What all three doctors said was that the updated recommendations, while they may be well-intentioned, raise significant concerns and that women, at least for the time being, should adhere to previous guidelines.
"I was so surprised about these recommendations," Savard said. "I think women should stay put in terms of what they're doing."
Johnson said that a question that naturally accompanies such a change concerns alternatives to mammography, of which, he said, there are currently no good ones.
"Right now, a screening mammogram is the best tool we have," he said. "That's why we recommend it."
And Besser said that in terms of lives saved -- 1 in 1,300 for women 50 and over, one in 1,900 for women 40-49 -- he does not believe there is enough difference in benefit between these groups to warrant a difference in recommendations.
Meanwhile, the American Cancer Society and the American College of Obstetrics and Gynecology are among the many groups that supported the old guidelines and have stood firmly by them since the Preventive Serivces Task Force released its new recommendations.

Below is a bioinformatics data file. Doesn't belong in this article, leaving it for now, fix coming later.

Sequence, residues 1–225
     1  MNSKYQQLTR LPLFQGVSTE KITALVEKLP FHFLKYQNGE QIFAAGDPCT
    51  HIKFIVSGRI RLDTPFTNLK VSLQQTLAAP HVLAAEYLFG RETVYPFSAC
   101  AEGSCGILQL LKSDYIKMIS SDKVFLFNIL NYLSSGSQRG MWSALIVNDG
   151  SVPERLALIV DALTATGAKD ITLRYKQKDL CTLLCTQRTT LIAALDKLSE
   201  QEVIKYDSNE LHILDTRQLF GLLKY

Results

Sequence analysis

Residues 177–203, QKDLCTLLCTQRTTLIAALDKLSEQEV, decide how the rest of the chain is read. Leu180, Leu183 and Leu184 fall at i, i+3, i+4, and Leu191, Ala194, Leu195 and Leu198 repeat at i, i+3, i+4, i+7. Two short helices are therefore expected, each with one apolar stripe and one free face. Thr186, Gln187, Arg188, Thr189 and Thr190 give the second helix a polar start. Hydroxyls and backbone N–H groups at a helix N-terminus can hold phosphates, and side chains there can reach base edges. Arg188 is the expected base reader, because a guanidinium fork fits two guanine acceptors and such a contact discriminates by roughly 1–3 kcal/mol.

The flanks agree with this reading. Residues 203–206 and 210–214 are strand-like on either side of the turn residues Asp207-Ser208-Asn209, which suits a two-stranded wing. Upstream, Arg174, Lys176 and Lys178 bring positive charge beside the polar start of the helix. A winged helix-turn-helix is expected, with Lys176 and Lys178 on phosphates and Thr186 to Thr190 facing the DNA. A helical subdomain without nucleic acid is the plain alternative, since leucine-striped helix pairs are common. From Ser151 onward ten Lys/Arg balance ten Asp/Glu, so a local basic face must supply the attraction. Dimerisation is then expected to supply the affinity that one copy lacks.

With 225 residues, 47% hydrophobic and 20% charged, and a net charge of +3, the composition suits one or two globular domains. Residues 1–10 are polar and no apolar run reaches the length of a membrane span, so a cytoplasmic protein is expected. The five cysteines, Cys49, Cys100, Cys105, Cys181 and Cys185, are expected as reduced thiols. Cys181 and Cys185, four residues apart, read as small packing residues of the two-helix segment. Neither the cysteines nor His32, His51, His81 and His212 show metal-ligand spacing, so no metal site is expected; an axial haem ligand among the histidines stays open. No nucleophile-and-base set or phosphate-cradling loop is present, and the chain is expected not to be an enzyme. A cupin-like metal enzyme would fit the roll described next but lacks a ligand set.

"When you see two prestigious bodies, this task force and the American Cancer Society, looking at the same information and coming up with wholesale different conclusions, that raises red flags for me in saying, 'OK, smart people can disagree; let's not do anything rash before these are looked at in great detail,'" Besser said.
It's not just professional organizations that are bucking the new guidelines. Since they were issued Monday, the changes in recommendations have met a groundswell of rejection from many medical centers, breast cancer survivors and numerous doctors, some of whom have advised their patients to ignore the recommendation.
According to most of the medical centers that ABC News has heard from, they will not follow the new screening guidelines. MD Anderson, the Mayo Clinic, Baylor, Beth Israel Deaconess Medical Center and Fox Chase Cancer Center were among many hospitals that said they are sticking with the current guidelines, recommended by the American Cancer Society.